Goodnight Cherry Tree
October gardening is mainly about putting things to bed; it's a long drawn-out goodnight. A bit like the goodnights on Walton's Mountain. where the final credits were always accompanied by all those fond giggles and sugary-sweet voices, calling from room to room. Didn't they have doors to shut and privacy to safeguard? Did nobody ever get up to anything at night, that they didn't want to share with the whole clan?
You've outstayed your allotted span already.
It's time you went to sleep,
the frosts will get you any night now.
The dahlias are getting very tired,
low October sunlight turns
the petals transparent.
Dahlias can't go to bed until they've
been frosted once or twice.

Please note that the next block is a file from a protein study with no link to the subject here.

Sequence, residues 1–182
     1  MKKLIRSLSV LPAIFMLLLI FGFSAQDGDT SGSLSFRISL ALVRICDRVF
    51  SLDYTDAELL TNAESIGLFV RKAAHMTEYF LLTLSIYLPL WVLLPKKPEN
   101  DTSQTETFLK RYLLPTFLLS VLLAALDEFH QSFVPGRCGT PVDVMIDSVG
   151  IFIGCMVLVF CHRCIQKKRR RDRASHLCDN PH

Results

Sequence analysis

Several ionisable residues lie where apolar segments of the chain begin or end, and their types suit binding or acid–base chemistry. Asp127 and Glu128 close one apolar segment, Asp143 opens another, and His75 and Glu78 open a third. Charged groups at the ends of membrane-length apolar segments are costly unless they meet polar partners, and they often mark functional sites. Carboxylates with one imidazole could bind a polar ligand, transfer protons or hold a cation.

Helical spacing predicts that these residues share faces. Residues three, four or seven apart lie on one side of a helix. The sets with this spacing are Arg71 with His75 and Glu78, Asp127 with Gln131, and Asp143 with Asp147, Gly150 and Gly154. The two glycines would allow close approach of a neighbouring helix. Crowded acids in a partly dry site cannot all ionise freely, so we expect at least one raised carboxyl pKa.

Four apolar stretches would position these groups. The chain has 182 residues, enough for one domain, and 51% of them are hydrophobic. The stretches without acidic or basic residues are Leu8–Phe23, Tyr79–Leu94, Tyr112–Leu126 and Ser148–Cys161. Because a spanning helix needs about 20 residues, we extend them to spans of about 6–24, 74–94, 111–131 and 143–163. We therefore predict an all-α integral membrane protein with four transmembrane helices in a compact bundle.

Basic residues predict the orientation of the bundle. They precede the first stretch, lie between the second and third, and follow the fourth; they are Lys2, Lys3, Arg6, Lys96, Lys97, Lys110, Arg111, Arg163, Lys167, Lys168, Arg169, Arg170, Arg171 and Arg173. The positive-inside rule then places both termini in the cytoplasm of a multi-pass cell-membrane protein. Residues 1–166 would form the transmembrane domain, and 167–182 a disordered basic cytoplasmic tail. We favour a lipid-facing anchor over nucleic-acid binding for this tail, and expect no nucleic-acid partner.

In the meantime, they are yawning, mouths open wide,
taking a last sip of sunwine to store for next year's growth.
It is definitely goodnight to leaves and prunings.
Gardener is belatedly testing the air for wind directions.
We don't want another disaster like last time,
when he scorched and burned some of my favourite
shrubs and miniature trees.
Crab Apples and Holly Berries
will remain awake for a while yet.
In fact, they will be eaten alive and
provide nourishment for birds
until about Christmas.
I do hope the blackbirds will leave some of the
holly berries for my Christmas wreath.
The beech tree at the top of the field stands guard
over garden and paddock.
It's unfortunate that there is no beast to feast on the mast,
but I am fresh out of pigs.
No pigs but plenty of these.
And sadly, they will all go to sleep too,
hidden in cracks and crevices, in walls,
in the stones edging paths, under water butts,
in drainpipes and log piles.
They will all appear happily next year, fatter
and more voracious than ever.